The third quarterfinal saw the next American action, with Kevin Bolger and JC Schoonmaker lining up against sprint stalwarts Richard Jouve (FRA) and Håvard Solås Taugbøl (NOR). Bolger, who is eight years senior to his fellow teammates, took a tactic in this race that suggested he understood the gravitas of the Olympics and how you race to stay in it. He led the pack out with gusto, trying to take the heat along with him.

The field, however, seemed to have other ideas. Bolger said in an interview with FasterSkier that he “started V1-ing on the hill and I went ‘nope, not getting lucky loser, this is a different pace than the qualifier.” With those lucky loser spots most likely gone, the heat became a race for 1st and 2nd. Jouve and Taugbøl turned out to have the burst of speed needed in the end, with Bolger in 3rd. For the bleary-eyed among us back in the U.S., he provided the first glimmer of the American’s intrepidness on the day. For his part, Jager followed his older teammate, and his presence in 5th across the line was another reminder that that American spirit was found in spades on the day.

Kevin Bolger (USA) and Luke Jager (USA) in quarterfinal action. Photo: NordicFocus.

Jager pointed to how the Olympic experience was a unique one that he’ll hope to build on in an interview with FasterSkier, saying, “maybe it was the novelty, [but] to be perfectly honest my head wasn’t maybe in a great place to look towards advancing, but I think it’s one step at a time and I’m figuring out the right mindset to qualify consistently now and to advance. It was unlike anything else… it’s dark out and you need sunglasses, that’s awesome!”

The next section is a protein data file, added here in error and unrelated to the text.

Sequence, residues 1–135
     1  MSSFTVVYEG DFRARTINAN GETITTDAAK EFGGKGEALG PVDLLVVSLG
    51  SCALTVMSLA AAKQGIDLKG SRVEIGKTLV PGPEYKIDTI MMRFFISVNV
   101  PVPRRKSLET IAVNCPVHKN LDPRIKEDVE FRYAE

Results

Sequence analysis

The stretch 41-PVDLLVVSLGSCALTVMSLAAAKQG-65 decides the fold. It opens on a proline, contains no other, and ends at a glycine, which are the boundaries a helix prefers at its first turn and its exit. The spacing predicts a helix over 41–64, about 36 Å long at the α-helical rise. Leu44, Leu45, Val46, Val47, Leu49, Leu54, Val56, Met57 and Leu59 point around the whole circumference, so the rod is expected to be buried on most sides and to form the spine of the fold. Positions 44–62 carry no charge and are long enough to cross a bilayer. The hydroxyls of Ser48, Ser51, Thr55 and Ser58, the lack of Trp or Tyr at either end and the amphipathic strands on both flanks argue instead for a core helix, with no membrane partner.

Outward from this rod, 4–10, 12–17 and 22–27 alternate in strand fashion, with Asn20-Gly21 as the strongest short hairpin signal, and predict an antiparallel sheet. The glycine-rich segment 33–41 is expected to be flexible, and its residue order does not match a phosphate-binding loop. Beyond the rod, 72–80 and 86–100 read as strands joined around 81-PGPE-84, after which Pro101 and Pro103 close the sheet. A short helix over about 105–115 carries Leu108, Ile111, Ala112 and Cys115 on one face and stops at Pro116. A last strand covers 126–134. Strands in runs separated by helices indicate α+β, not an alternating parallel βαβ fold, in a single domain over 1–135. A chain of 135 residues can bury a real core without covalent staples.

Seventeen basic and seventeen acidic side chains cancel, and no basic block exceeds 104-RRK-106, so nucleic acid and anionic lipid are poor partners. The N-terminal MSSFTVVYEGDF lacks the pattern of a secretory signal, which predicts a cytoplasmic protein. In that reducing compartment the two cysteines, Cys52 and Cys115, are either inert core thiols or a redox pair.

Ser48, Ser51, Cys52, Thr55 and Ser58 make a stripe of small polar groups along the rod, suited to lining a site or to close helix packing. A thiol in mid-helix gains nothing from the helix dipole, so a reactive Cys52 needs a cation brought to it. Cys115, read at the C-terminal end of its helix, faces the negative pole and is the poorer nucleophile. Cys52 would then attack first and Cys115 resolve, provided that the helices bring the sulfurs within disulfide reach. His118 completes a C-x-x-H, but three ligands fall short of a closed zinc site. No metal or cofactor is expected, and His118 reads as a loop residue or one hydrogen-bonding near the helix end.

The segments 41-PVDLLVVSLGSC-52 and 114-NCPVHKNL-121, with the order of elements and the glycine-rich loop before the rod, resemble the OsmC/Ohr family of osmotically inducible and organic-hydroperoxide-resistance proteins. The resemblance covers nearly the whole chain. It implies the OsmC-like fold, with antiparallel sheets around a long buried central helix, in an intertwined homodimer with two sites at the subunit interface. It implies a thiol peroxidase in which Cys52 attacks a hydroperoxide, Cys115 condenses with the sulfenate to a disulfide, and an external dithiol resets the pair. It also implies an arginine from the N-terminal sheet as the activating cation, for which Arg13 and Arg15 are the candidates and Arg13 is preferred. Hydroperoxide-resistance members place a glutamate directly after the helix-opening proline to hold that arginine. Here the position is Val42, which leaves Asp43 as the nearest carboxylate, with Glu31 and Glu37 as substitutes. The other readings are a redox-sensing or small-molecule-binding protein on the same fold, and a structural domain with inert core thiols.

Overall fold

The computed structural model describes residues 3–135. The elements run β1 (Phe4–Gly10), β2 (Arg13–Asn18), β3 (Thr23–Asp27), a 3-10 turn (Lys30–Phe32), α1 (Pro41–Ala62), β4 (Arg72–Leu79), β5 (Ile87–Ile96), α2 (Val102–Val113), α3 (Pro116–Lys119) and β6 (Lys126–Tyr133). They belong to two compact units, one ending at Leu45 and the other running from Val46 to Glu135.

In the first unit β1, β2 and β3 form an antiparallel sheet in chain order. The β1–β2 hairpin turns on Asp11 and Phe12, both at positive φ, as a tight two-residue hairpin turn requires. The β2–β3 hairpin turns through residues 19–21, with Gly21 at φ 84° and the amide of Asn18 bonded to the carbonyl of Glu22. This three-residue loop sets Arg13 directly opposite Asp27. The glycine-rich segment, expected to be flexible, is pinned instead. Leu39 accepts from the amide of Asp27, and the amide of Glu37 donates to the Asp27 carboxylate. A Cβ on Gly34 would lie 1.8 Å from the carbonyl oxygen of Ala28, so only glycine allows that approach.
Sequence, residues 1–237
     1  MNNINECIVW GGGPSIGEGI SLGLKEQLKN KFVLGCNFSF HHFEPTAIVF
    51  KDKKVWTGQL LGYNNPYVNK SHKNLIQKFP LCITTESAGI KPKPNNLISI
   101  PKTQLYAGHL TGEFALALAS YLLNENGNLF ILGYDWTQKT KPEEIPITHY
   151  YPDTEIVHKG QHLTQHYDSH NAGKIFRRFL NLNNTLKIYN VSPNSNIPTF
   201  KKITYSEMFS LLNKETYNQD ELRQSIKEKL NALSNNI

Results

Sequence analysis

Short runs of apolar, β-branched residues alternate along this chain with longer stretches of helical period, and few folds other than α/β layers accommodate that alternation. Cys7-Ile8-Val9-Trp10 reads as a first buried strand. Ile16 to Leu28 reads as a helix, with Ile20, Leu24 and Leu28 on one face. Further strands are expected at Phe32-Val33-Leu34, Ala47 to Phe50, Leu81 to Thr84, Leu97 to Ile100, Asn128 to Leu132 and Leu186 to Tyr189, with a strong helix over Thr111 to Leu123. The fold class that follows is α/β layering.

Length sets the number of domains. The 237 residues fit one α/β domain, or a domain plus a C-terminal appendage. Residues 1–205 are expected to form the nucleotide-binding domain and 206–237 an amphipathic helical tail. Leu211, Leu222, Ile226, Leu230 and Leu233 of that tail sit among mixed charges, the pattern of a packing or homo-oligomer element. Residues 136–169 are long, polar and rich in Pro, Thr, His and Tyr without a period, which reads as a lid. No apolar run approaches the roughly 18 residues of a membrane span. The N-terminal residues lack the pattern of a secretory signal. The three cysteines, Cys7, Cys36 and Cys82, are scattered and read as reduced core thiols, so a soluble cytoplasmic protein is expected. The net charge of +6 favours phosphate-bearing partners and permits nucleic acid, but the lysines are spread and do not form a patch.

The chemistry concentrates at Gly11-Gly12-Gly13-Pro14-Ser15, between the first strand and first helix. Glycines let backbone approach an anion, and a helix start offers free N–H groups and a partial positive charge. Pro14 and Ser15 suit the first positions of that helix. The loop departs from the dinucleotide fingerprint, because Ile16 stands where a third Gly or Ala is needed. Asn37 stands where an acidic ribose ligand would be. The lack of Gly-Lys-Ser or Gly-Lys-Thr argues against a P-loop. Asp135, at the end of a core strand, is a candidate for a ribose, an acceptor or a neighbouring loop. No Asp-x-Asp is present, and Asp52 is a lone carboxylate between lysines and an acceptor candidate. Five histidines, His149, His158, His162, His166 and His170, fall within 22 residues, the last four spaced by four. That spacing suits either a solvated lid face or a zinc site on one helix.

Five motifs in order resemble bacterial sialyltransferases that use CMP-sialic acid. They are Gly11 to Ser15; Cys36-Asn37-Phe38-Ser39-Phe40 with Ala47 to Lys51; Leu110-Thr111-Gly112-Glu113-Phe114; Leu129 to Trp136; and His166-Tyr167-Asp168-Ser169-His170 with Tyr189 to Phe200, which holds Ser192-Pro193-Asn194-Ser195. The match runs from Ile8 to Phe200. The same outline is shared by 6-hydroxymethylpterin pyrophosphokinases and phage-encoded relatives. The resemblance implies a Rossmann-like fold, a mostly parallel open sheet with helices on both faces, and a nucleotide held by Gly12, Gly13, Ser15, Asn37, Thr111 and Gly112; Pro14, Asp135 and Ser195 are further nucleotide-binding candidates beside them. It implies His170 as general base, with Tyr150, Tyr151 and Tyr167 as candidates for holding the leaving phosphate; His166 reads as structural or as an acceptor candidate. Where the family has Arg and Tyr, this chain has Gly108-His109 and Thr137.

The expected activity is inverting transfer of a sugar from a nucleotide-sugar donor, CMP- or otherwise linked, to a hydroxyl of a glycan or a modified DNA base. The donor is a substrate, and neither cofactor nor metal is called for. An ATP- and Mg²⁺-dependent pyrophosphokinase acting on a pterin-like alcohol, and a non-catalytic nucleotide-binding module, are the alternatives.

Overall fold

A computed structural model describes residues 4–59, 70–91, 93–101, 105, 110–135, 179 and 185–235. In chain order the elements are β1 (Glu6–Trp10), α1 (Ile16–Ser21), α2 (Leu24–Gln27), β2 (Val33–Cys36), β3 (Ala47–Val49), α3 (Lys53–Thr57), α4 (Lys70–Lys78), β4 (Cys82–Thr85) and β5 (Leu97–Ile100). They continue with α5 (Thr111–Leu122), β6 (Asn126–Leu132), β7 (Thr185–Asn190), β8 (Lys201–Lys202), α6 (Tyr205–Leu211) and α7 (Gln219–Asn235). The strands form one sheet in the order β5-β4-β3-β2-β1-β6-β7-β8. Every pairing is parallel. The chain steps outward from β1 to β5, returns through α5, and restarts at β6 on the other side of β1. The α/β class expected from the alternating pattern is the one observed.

The fourth heat fleshed out the idea that Bolger had in the previous heat. The skiers went hard from the gun, knowing that if they could race a faster heat than the first quarterfinal, a 3rd or 4th in this heat could still keep their Olympic dreams alive. This was all complicated as Erik Valnes (NOR) pulled away to win the heat and a long sprint for second ensued. Pål Golberg (NOR) and Raimo Vignants (LAT) went down, and the sprint seemed to end up going for Chinese skier Qiang Wang, who hadn’t raced in the World Cup field since before the pandemic in 2019.

Unofficial results showed that Valnes and Wang were through in 1st and 2nd, respectively. Results also showed that the quarterfinal had been the fastest heat of the day. Valnes finished in 2:49.31, with 3rd place Artem Maltsev (ROC) at 2:50.37 getting a lucky loser nod. The race jury quickly deliberated and disqualified (or officially, “ranked as last”) Wang, which meant that Maltsev was through to the semifinals on an automatic bid. That opened up one more lucky loser spot, and the next time on the list would prove to be a 2:53:00; belonging to Ben Ogden. He was through to the semifinals of the Olympic games.

JC Schoonmaker (USA) races in the final quarterfinal on Tuesday in Beijing. Photo: NordicFocus.